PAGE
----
If you fancy something to listen to then why not check out mixes that are being shared on our Mixcloud page, hopefully on a pretty regular basis. And if you enjoy the sounds, then please share the links.
There was an intention to provide an introduction to this Bless The Day series, but somehow there is a reluctance to reveal too much just now. Why not, instead of reading a preamble, enjoy a bonus chapter? So, let’s consider ‘She Moved Through the Fair’ as sung by Jean Hart. It is just Jean and her voice, the singer unaccompanied, and it’s enchanting, without the folk form’s familiar quiver and instead with a warm torch ballad Chris Connor-style huskiness which is incredibly appealing.
Joan Baez singing Phil Ochs’ ‘There But For Fortune’ is an incredibly beautiful thing. It is so very moving, and Phil somehow succeeded in striking the perfect balance between writing a particularly compassionate song and being quietly angry. The gently reflective way Joan sings it, well, sometimes it seems like it was meant for her: she sounds so wise, so understanding, and the recording is so stark and haunting that its magic lasts.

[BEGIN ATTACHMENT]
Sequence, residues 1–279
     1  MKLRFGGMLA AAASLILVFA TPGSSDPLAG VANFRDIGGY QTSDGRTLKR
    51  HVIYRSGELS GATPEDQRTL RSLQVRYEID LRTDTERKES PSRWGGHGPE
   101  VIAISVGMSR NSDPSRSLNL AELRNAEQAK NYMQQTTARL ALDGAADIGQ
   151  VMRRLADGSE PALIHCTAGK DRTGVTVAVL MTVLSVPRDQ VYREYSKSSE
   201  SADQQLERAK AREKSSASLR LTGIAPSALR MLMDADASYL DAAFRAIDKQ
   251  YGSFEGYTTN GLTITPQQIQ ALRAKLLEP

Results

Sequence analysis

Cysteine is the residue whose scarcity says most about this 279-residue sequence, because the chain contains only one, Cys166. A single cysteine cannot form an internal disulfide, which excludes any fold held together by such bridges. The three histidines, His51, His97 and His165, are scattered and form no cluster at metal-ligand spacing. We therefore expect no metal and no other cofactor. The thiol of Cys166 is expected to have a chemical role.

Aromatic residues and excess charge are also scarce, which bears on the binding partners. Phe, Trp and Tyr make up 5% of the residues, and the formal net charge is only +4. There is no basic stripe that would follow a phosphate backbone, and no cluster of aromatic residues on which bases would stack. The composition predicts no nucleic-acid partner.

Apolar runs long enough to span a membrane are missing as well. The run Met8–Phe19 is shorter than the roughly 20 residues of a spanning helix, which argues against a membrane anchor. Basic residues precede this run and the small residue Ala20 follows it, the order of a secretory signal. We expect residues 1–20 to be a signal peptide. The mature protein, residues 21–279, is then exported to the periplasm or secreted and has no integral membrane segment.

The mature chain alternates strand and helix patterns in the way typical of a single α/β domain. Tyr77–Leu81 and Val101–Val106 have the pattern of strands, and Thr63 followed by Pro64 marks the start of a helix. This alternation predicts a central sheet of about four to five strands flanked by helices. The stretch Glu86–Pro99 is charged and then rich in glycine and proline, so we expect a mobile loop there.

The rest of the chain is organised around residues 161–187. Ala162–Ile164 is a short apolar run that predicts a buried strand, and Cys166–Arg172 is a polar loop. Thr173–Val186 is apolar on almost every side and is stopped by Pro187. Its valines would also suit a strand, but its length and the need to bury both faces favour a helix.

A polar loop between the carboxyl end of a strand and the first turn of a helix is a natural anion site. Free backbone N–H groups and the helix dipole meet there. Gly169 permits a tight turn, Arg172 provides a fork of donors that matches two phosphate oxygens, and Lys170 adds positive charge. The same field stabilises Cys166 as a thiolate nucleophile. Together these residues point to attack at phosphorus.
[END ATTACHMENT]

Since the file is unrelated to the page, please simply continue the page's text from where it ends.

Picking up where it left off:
‘There But For Fortune’ is how many of us first unwittingly came across Phil’s work. Once it was often on the radio, the Joan Baez recording, or at least that’s the way it seems. Certainly, at home, it was one of those songs that would be listened to intently whenever it came on: a warning finger raised and the head cocked on one side to catch the words better, and woe betide anyone who interrupted. Joni’s ‘Both Sides Now’ is another one where this would happen, and lines from that song have been pinned up on the wall here for years and years: can you guess which ones?
‘Stephano’s Dance’ is an absurdly sublime spiritual jazz recording. It is credited to Joe Harriott and Amancio D’Silva, but it is one of the most truly democratic performances in the best possible socialist sense: everybody involved has an opportunity to shine, and oh how they do. Opening with Dave Green’s buoyant bass, strolling in, incredibly supple, then Bryan Spring’s percussion breaks up the flow perfectly, and Norma Winstone comes in with her siren’s song, leading the melody until Joe Harriott’s sax speaks so eloquently in response, and Ian Carr’s horn eases in like a cooling breeze before Amancio D’Silva, who all the while has been playing his guitar like part of the rhythm section, engages in a dialogue with Norma, sharing with her an ecstatic solo that seems to contain all the wisdom of the ages, and yes, you really do have to dance.